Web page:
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Remembering the founder-patriarch of Rajshri Productions, Tarachand Barjatya - Death anniversary special

On the occasion of his 30th death anniversary, we pay tribute to the man who was the architect of the enduring success of the film production house.

Sukhpreet Kahlon

Maine Pyar Kiya (1989), Hum Aapke Hain Koun..! (1994), Hum Saath-Saath Hain (1999), and Prem Ratan Dhan Payo (2015) are just a few films that denote the recent family melodramas synonymous with the name of Rajshri Productions, one of the oldest family-owned production companies in the country. The man who started it all, the legendary Tarachand Barjatya, passed away on 21 September 1992. On the occasion of his 30th death anniversary, we remember the patriarch of the production house and the architect of its enduring success.

Born on 10 May 1914 at Kuchaman in Jodhpur, Rajasthan, Tarachand completed his graduation from Vidyasagar College in Calcutta. At the age of nineteen, he started working as an unpaid apprentice in the film industry, gradually working his way up to establishing his own film distribution company, Rajshri Pictures (P) Ltd. on the day India became an independent nation, 15 August 1947.

As a distributor, Tarachand Barjatya brought several filmmakers from the South to Hindi cinema, with the renowned LV Prasad being one of them. In 1962, Barjatya set up the production division, with the first release being Aarti (1962). Produced by Tarachand Barjatya and directed by Phani Majumdar, the family melodrama starred Ashok Kumar, Meena Kumari, and Pradeep Kumar in the lead roles.

Focusing on small-budget, family melodramas, the films largely endorsed the Hindu joint family ethos, emphasising duty and sacrifice over individual choices. In Aarti, we see the eponymous protagonist (Meena Kumari) being a suffering woman, who performs her duty as a wife and daughter selflessly despite the several hurdles that she faces.

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The success of the film led to a firm move towards film production with hits like Dosti (1964), Piya Ka Ghar (1972), Chitchor (1976), Ankhiyon ke Jharokhon Se (1978), Nadiya Ke Paar (1982), Saaransh (1984), which carried the Rajshri imprint of being largely conservative, family-oriented films, driven by traditional ideals. The reins of the family business were passed down to the three sons, Raj Kumar, Ajit Kumar and Kamal Kumar, who continued to strengthen the family business.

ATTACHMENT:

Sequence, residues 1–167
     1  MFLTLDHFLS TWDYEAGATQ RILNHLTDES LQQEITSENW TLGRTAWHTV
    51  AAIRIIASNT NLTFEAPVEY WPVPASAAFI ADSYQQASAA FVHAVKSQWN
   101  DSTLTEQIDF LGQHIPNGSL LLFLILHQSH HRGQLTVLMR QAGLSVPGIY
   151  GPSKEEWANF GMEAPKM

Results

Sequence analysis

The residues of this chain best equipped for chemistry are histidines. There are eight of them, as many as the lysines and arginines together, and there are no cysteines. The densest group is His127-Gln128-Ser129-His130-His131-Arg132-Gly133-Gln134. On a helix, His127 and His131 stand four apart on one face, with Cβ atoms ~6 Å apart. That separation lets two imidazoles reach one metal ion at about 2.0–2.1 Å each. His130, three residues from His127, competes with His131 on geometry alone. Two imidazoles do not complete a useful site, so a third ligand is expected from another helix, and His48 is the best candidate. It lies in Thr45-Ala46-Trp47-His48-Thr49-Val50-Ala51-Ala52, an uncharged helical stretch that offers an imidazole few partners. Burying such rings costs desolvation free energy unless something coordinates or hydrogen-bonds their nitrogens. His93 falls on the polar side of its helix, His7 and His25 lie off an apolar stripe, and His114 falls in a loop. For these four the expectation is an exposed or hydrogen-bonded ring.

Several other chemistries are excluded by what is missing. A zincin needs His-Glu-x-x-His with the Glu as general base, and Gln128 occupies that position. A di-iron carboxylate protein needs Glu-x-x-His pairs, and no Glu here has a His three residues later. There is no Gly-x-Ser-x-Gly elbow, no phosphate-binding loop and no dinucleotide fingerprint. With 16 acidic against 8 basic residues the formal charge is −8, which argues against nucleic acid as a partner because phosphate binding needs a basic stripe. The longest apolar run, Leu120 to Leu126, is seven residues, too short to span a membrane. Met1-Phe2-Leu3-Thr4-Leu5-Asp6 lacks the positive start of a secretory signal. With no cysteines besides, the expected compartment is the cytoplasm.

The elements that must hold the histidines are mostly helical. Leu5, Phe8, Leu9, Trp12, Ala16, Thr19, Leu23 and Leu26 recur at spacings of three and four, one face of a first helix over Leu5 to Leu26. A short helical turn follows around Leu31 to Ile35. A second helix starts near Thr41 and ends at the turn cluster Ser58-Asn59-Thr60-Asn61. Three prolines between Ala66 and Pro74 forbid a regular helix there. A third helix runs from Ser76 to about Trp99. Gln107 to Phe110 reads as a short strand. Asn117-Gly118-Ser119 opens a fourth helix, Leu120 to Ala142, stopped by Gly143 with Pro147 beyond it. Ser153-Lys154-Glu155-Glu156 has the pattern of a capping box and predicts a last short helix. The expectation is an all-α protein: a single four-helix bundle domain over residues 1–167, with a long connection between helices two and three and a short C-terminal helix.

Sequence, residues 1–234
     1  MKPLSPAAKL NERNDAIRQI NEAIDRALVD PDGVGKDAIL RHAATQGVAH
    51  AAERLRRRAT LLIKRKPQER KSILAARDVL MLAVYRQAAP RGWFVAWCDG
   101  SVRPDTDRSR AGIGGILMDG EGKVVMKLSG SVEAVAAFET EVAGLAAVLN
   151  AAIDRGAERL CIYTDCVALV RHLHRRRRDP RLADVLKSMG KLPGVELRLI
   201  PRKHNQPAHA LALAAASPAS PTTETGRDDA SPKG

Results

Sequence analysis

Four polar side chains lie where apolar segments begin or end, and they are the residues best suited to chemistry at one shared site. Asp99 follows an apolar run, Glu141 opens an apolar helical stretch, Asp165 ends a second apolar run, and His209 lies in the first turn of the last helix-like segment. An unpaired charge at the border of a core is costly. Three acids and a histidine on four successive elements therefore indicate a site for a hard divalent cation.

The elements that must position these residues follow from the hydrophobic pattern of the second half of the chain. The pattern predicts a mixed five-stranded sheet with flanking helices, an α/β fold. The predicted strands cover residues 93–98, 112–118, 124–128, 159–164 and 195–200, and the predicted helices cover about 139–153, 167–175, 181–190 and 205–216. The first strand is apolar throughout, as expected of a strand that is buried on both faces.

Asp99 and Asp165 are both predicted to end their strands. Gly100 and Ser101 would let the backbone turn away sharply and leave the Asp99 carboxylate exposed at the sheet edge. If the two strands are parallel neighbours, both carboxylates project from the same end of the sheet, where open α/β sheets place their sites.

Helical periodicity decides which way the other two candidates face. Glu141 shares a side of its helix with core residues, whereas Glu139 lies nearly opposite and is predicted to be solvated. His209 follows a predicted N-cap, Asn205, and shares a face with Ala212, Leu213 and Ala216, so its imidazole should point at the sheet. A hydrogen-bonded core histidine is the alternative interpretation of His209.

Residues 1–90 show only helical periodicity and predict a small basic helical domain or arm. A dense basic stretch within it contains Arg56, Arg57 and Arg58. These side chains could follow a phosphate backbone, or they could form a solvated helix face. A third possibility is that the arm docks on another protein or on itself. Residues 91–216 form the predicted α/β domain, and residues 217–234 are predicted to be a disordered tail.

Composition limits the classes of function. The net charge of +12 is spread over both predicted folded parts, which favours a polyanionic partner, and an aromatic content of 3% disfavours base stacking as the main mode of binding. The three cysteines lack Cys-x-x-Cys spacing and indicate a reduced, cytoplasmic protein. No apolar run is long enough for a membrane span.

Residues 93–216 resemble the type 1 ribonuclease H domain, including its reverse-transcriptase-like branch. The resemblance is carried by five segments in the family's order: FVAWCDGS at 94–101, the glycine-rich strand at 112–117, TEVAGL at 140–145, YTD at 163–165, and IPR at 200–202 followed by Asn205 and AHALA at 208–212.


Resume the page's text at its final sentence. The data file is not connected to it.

Tarachand Barjatya

In her book, Bombay Before Bollywood: Film City Fantasies (2015), Rosie Thomas, professor of film at the University of Westminster, explains the strategy adopted by the production house that enabled them to grow steadily and minimise their losses. She writes: Rajshri Productions, a family company that also invested in its own films, made small-budget movies with minor stars and owed its success to a degree of vertical integration unique in the industry at that time. The company comprised three arms - production, distribution and exhibition - each conveniently run by one of founder/owner Tarachand Barjatya’s three sons.

She continued, “Rajshri operated by spreading risks: the production department worked on several films at a time and ensured their distribution through the company’s block booking of chains of cinemas throughout the country. Rajshri’s film financing was equally unique at that time in Bombay: it combined reinvesting in its own productions with a system whereby a number of investors bought shares in a film, the company having the status of a private limited company.”

However, despite its three-pronged strategy, the coming of video cassettes and cable television was beginning to hit the film business hard and Rajshri was not immune to the changes in the playing field. The group made a foray into television with the serial Paying Guest (1985) for Doordarshan. However, Rajshri suffered heavy losses and it was within this context that Tarachand’s grandson, Sooraj Barjatya, expressed his wish to direct a film. 

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In an interview in newspaper The Hindustan Times, Tarachand recounts how Suraj’s father, Raj Kumar Barjatya had doubts about producing a film directed by his son, when they were struggling with money. But Tarachand decided to move onward, and said, “I told Suraj to make out a story on the theme of Dosti and we would not be in loss.” Describing what clicked in the film to make it such a stupendous success, he said, “Any film must have five ingredients to make it a success at the box-office:theme, comedy, music, emotional appeal and drama. I notice that our film has all these, and it is very rarely one finds this happening.”

Sooraj Barjatya’s directorial debut, the film that catapulted Salman Khan to fame, Maine Pyar Kiya (1989), was the biggest success of the production company and gave it a lease of life. It also, in many ways, provided a template for the next few films to follow. With the class divide as the central point of conflict, the film wove a story of friendship, stressing familial ties, bringing in the theme of tradition versus modernity.

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Although Tarachand passed away in 1992, the company continued to grow and in 1994, Sooraj repeated the success of his debut film with Hum Aapke Hain Koun..! starring Khan once again with Madhuri Dixit. Through its ups and downs, the family has stuck to the founding principles put in place by its founding father and remains one of the most prominent production houses in the country even today. 

After a long hiatus, Sooraj has directed and written the upcoming film Uunchai (2022) starring Amitabh Bachchan, Anupam Kher, Boman Irani and Parineeti Chopra. It remains to be seen if this film too will follow the ethos of Rajshri film like its predecessors. The film is due to be released on 11 November.